Alesis DM10 X Kit review

  • £899
The DM10 X's whole system can be backed up via a computer.

MusicRadar Verdict

There is plenty that impresses with this electronic kit.


  • +

    Great sound and features.


  • -

    Not everyone will like feel of pads; some sounds need a tweak.

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Following in the footsteps of the DM10 Pro, DM10 Studio and most recently, the DM10 Studio 2011, the DM10 X is the latest electronic kit based around Alesis' top of the range 'high-definition' DM10 drum module.

The DM10 was the first of its kind to have the ability to load completely new sound sets via the USB interface and has more features than you can shake your sticks at - with over 1,000 samples, stunning playalong sequences, icon-driven menus, full sequencing capabilities, USB and MIDI.

"Letting either the crash or ride samples decay naturally, rather than 'choking' produces a slow and realistic decay, demonstrating the quality of sample."

The rest of DM10 X kit is all pretty comprehensive too, featuring a heavy-duty four-post 'XRack', boom cymbal arms, hi-hat pad (with newly-designed controller), three cymbal pads (ride and two crashes), six drum pads (snare, bass drum and four toms), wiring snake, manuals and, in a break with tradition, a separate snare drum stand chosen to help cut down on any possible cross-talk.


The base of each of the DM10 X's drum pad is formed from a single piece of injection-moulded plastic. The first of two Piezo transducers are fitted into the base itself, with a second residing on a metal plate sandwiched in between two layers of foam.

It's the task of the foam to help isolate the stick strikes and placement, giving 'real' sticking actions such as rim-shots, all of which are interpreted by the DM10 module. A plastic ring acts as both 'shell' and bearing edge over which the Mylar head and a standard triple-flanged hoop is attached.

The chromed tubular steel rack is designed to be set up in three basic 'H' sections fixed together by clamps and brackets. These are made from a tough impact-resistant plastic, and have winged nuts for adjustment and the ability to firmly lock the pads in position.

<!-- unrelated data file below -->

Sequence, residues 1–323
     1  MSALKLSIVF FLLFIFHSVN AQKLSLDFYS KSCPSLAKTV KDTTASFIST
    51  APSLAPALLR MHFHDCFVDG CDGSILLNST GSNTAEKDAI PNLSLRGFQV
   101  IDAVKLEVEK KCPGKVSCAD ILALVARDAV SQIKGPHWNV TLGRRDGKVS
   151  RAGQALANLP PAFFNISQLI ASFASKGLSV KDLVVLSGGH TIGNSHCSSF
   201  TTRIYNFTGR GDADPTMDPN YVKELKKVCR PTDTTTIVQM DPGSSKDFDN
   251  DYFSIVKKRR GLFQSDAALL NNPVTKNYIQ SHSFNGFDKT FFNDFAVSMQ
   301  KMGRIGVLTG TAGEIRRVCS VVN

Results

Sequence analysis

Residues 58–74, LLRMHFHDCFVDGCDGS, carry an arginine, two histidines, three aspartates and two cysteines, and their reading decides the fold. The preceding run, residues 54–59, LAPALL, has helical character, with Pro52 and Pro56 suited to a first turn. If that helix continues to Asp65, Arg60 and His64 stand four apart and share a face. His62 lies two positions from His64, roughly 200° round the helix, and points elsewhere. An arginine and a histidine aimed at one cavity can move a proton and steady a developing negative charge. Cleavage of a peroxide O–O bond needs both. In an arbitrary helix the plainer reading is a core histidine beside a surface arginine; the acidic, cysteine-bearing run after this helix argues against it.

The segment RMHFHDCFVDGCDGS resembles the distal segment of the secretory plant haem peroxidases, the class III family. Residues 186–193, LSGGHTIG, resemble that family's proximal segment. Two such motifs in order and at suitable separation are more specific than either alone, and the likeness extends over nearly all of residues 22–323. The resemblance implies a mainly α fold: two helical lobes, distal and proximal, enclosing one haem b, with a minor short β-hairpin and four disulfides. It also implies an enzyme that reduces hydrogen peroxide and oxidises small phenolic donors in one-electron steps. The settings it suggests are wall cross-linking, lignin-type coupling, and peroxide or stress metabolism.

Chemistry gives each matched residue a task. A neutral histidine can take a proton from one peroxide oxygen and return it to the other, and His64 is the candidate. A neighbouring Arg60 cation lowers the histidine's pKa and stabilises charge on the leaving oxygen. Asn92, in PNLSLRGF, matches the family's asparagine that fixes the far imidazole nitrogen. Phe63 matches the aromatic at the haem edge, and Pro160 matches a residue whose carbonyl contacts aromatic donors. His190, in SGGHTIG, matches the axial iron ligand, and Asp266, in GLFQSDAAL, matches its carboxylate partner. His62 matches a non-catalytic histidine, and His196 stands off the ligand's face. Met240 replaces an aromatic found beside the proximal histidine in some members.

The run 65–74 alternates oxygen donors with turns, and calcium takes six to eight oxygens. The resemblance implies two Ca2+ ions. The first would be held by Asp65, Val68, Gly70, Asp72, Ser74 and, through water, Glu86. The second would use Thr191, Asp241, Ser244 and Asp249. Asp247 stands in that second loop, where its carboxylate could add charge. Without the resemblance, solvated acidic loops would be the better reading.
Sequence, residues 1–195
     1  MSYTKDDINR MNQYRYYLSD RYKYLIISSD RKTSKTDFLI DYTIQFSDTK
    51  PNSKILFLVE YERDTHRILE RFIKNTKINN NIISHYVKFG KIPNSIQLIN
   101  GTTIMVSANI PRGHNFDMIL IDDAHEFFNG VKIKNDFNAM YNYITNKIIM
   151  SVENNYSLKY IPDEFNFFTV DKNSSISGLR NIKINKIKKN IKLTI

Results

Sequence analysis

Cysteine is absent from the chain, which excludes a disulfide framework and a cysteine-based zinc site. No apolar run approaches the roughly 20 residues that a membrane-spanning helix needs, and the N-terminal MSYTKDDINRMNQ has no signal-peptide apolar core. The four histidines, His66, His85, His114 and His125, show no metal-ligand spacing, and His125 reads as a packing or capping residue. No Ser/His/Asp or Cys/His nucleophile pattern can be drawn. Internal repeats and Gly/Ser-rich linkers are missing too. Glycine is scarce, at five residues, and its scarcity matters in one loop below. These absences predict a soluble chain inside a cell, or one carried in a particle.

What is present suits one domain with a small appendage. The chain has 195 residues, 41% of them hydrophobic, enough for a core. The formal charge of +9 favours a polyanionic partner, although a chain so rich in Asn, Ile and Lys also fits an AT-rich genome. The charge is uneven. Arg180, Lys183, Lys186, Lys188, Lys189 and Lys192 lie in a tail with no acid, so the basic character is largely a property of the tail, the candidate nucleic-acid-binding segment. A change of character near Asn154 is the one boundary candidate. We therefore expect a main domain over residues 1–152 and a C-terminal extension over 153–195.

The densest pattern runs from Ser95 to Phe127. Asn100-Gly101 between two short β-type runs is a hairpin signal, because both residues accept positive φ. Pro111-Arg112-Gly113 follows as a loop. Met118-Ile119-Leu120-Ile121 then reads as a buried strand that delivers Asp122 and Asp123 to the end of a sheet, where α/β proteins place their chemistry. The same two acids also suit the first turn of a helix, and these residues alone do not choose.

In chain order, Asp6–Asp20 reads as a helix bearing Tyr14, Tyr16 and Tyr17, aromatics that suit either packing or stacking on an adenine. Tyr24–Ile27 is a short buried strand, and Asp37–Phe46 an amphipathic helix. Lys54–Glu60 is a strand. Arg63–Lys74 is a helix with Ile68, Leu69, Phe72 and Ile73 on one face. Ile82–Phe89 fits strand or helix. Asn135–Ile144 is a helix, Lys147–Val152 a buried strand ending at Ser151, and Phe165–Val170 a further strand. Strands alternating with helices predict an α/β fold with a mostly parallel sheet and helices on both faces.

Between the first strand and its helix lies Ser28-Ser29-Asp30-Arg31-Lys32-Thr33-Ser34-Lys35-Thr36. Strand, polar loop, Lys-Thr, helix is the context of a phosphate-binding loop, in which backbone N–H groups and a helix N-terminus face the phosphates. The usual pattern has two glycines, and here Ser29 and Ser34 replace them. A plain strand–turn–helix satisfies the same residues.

The DM10 module has a large contrast-adjustable backlit graphic display and a menu system that's accessible via the minimum amount of buttons, some of which are dual function - some controls including the function keys, mixer faders and value wheel are similarly laid out to those on Roland's TD20.

The six mixer faders have two banks (A and B) each giving control over the volume of 12 separate voices. Many of the samples are uncompressed and sampled from many of the classic top-end drums - leaving the user to add those nice frilly bits like compression, reverb, EQ etc, and the whole system can be backed up via a computer.

Hands On

Before hitting any of the kit, we first took a sneak preview of each of the pre-loaded songs The first few clicks of the metronome (with its 'stick shoulder click'), caught us completely unaware - the sound is surprisingly realistic and impressive.

The revelation continues with such intuitively named tracks as 'SOS' (strong reference to a certain Police track), 'SD Rock' (Steely Dan style) and 'Texas Blues', which has a great Strat rhythm chunking away within it. There is a complete range of styles from urban to indie to house to big band - all with feel, musicality and skilfully programmed.

However, the playalong tracks are merely a taster of the kit's capabilities. Intuitive graphics provide a hint as to the genre and help the user to choose the kit or individual drum sound quickly and with ease.

Once we started playing the kit, our sticks bounced around the pads with a reasonable feel - we actually prefer the feel of the cheaper Alesis rubber pads! However, it's the excellent sounds coupled with Alesis' 'Dynamic Articulation', (the company's proprietary method of creating subtle changes in timbre, depending on how hard the pads are struck), which really gives it its air of realism.

Letting either the crash or ride samples decay naturally, rather than 'choking' (which is also readily available), produces a slow and realistic decay, demonstrating the quality of sample. While the overall cymbal sound and drum sound is impressive, there are one or two snares that appear a little too compressed but, of course, this can be tweaked for user preference.

Overall the module and pads cope well with our manic and frenzied test performance, taking each strike in its stride without skipping a single beat.